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EU–China relations at a crossroads, Vol. I: Looking for a new modus vivendi

Ivano di Carlo

Date: 29/06/2022
The context of EU–China relations has dramatically changed over the past years. Mounting challenges and diverging perceptions on and approaches to global and domestic affairs risk undermining the effectiveness of the bilateral dialogue. It is crucial to minimise all misperceptions and overcome any lack of understanding in the EU–China bilateral relationship, now more than ever.

The EU & China Think-Tank Exchanges project, coordinated by the European Policy Centre (EPC) with the cooperation of EGMONT–The Royal Institute for International Relations, the China Institute of International Studies (CIIS) and the Center for China and Globalization (CCG), aims to strengthen and stimulate a dialogue between think tanks and research institutes across the EU and China.

Over a period of three years, the EPC and its think tank partners encourage experts, analysts and policymakers from Europe and China to discuss issues of common interest, such as post-COVID-19 cooperation, climate action and the environment, the global economy, digitalisation and connectivity, human rights and peace, or security in international affairs.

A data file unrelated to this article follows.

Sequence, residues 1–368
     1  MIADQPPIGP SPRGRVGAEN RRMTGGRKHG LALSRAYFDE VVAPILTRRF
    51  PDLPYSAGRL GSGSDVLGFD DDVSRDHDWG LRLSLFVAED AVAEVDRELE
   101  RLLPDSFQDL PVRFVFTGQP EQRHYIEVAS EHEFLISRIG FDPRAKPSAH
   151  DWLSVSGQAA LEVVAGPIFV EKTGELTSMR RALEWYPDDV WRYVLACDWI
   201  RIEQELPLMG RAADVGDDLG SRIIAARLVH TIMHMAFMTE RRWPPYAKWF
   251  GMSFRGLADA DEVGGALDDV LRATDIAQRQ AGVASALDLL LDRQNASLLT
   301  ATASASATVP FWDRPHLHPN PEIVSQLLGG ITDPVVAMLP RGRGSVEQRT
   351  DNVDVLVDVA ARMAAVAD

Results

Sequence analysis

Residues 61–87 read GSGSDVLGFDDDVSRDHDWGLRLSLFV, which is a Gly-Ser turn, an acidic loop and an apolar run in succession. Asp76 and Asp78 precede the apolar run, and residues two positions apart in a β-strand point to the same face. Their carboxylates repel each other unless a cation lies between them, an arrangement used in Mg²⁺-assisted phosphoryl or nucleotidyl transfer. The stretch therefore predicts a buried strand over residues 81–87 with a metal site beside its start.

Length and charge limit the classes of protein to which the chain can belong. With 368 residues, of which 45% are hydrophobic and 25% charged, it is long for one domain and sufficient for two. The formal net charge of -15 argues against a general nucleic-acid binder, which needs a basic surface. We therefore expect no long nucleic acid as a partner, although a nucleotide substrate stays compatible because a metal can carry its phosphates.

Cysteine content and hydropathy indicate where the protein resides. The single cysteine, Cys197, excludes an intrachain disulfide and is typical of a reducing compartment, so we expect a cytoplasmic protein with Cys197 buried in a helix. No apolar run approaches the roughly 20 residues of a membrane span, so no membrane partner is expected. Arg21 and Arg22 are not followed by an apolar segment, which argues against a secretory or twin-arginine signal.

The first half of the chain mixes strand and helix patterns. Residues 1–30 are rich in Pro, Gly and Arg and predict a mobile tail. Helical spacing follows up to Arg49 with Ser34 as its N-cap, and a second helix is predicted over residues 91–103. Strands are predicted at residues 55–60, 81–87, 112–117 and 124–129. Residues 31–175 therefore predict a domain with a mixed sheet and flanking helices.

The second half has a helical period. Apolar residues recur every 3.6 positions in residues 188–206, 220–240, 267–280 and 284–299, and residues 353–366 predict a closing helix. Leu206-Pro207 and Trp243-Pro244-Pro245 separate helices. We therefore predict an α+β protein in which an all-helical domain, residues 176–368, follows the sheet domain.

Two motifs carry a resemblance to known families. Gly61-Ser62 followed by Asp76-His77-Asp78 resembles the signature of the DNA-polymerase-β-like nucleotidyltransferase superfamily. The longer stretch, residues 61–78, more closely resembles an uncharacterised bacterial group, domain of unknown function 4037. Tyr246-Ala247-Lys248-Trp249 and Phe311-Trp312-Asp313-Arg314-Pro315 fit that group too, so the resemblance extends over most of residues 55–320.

Through a series of structured exchanges between intellectuals and strategic thinkers, the project promotes the EU–China dialogue and supports mutual understanding and joint action across several relevant and cross-cutting policy areas and issues of mutual concern. 

This first volume of a three-part collection gathers this analysis in a comprehensive compendium. It contains 12 input papers that provide the views of European and Chinese experts on a set of specific policy issues, from 2021 to 2022. 

They not only provide a specialist view on the state of affairs in a given field but also offer a snapshot of the authors’ perceptions at a specific moment in time. The publication is, in this regard, an opportunity to review and reflect on how the EU–China relationship has developed over the last months. Each paper invites the reader to assess whether the policy recommendations are still relevant and if the international context of EU–China relations developed as the authors anticipated. In other words, it is an invitation to continue the conversation.

Read the full paper here.

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